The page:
Z. Khasidashvili, J. Moondanos, D. Kaiss, and Z. Hanna. “An Enhanced Cut-points Algorithm in Formal Equivalence Verification”. HLDVT 2001.

    S.-L. Huang, W.-H. Lin, and C.-Y. (Ric) Huang. “Match and replace: a functional ECO engine for multi-error circuit rectification.” ICCAD 2011

    J. Long, R.K. Brayton,  and M.L. Case,  “LEC: Learning Driven Data-path Equivalence Checking.” DIFTS @FMCAD. 2013.

## VIII. BENCHMARK

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l  Unit6.tgz (Remove Unit6.tgz)

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l  Unit18.tgz(Hidden Case)

l  Unit19.tgz(Hidden Case)

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l  Unit21.tgz(Hidden Case)

l  Unit22.tgz(Hidden Case)

l  Unit23.tgz(Hidden Case)

Evaluation Results

l  Extra evaluation(Top 4)

 TOP unit1 unit2 unit3 unit4 unit5 unit7 unit8 unit9 unit10 unit11 unit12 unit13 unit14 unit15 unit16 unit17 score 1 EQ 4 NE 4 EQ 4 NE 4 EQ 4 EQ 5 NE 2 NE 3 EQ 7 NE 7 EQ 7 NE 4 EQ 10 NE 7 EQ 7 NE 10 89 2 EQ 10 NE 7 EQ 7 NE 7 EQ 10 TO 0 NE 4 NE 5 EQ 10 IV 0 EQ 10 TO 0 NE 7 TO 0 EQ 10 TO 0 87 3 NE 0 NE 1 EQ 2 NE 3 EQ 2 NE 2 NE 5 NE 2 NE 4 NE 10 NE 4 NE 7 NE 4 NE 10 NE 4 NE 7 67 4 EQ 5 NE 5 EQ 5 NE 5 EQ 7 EQ 10 NE 7 NE 4 TO 0 NE 4 TO 0 NE 10 TO 0 TO 0 TO 0 TO 0 62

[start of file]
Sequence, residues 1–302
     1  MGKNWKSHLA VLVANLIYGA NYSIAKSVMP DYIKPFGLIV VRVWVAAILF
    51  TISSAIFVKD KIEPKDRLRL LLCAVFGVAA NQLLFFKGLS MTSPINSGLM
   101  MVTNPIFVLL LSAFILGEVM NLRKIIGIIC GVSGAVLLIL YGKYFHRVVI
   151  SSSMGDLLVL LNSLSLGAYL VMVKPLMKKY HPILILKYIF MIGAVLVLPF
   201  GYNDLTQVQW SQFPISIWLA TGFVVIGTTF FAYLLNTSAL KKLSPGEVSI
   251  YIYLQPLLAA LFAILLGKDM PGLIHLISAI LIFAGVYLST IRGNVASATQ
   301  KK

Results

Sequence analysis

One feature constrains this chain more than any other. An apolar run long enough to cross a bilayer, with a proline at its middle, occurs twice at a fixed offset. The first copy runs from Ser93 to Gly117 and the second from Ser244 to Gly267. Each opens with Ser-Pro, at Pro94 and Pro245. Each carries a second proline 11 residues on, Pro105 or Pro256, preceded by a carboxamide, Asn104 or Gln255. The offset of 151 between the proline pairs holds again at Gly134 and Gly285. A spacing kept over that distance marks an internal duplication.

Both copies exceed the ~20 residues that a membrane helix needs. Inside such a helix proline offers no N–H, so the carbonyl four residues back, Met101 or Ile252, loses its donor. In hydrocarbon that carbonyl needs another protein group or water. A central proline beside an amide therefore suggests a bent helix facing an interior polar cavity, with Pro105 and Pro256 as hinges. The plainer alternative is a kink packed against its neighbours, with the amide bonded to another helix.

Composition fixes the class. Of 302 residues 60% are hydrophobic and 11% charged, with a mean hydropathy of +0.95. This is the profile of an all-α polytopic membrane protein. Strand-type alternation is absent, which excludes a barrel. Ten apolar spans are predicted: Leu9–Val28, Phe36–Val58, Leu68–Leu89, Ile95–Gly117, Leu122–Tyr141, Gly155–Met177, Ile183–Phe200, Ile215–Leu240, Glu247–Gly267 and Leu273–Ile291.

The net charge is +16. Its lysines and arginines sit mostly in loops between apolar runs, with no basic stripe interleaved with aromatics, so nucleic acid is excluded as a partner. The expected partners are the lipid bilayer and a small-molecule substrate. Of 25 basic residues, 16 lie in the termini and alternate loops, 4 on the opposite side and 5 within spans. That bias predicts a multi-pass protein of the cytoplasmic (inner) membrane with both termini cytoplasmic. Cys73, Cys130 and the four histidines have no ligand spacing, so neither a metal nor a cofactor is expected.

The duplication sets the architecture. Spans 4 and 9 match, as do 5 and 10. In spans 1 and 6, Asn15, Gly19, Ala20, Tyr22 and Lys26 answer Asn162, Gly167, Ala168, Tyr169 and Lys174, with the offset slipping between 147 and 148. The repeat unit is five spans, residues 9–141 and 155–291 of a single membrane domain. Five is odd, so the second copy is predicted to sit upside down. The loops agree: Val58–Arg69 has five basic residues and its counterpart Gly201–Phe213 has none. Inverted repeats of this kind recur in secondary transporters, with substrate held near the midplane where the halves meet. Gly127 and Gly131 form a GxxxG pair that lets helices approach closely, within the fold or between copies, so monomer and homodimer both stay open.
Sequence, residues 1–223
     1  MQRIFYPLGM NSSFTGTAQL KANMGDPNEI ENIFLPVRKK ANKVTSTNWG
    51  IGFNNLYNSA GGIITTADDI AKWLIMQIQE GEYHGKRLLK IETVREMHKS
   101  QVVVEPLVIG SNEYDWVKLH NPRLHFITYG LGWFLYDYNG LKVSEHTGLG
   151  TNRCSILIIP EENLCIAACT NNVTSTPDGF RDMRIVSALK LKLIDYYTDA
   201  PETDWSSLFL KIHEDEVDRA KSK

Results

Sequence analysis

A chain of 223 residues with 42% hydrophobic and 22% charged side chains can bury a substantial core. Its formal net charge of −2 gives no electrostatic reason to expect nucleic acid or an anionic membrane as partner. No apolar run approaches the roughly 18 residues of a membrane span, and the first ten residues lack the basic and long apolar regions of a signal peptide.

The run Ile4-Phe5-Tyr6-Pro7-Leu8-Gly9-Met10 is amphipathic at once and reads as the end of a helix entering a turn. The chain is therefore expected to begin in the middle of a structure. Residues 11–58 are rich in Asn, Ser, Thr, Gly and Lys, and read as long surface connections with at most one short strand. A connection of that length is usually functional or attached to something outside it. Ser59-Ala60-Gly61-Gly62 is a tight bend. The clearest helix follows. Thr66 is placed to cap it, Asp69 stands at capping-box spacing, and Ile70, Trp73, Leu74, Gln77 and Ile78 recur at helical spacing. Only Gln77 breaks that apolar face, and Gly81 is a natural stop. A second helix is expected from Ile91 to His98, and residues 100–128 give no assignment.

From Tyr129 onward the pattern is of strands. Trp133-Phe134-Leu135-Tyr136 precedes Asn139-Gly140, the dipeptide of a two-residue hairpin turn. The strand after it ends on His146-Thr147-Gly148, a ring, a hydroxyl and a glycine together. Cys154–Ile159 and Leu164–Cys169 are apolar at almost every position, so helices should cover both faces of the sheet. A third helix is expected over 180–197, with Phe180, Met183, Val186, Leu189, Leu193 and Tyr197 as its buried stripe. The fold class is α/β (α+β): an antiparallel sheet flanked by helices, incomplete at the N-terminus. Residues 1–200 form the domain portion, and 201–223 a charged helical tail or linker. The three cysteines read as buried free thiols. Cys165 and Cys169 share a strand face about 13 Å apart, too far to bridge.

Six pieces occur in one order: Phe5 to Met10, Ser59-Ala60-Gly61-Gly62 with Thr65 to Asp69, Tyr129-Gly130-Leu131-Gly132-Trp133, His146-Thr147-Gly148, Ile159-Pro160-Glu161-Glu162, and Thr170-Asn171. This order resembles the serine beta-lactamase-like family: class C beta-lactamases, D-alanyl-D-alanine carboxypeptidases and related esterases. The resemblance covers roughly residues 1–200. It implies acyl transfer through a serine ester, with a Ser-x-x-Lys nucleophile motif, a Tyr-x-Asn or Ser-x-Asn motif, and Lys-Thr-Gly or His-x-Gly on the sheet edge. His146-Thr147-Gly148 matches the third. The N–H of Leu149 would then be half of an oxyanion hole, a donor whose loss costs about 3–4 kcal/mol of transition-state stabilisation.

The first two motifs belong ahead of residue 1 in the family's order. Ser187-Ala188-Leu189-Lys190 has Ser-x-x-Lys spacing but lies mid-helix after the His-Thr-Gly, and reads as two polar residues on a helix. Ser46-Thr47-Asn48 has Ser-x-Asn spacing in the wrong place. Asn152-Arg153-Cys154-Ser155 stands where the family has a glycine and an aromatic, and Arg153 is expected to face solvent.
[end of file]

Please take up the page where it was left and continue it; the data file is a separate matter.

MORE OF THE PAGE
## FAQ

1.     Q1: _cut cut_1_1 (dd,d);

Can dd be replaced with any name?

Must it be named dd?

ANS: Yes, you can change the wire name, but cannot the topology of netlist.

Q2:In figure 2 design B. There is not a space between xnor and (o,f,g). Is it legal?

ANS: Legal.

Q3: What is the maximal number of inputs of gates?

ANS: 32768

Q4: What does j mean in cut_i_j? In the example, all of cuts named cut_i_1.

Is there any situation that j is not 1?

ANS: Yes, when there is multiple equivalent cuts in a single design, you should name them with different j in integer.

Q5: Should we find equivalent cuts in one design? e.g. Team D

Or, can we identify equivalent cuts in only one design?

ANS: You can identify multiple equivalent cuts in a single design. For example, cut_1 group has 3 cuts in design A but 0 in design, and cut_2 group has 2 cuts in design A and 2 in design B.

2.     2 * 7 +3 = 17 not 15

the right answer should be 2 +2 +2 +2 +2 +2 +3 = 15 ? ANS: The result is wrong, thanks for you help

3.     If we have cut_1_1 and cut_1_2 in design A, but no cut in design B, then how the cost will be calculate?  equivalent or non_equivalent ?

ANS: If cut_1_1 and cut_1_2 in design A are equivalent, that is equivalent.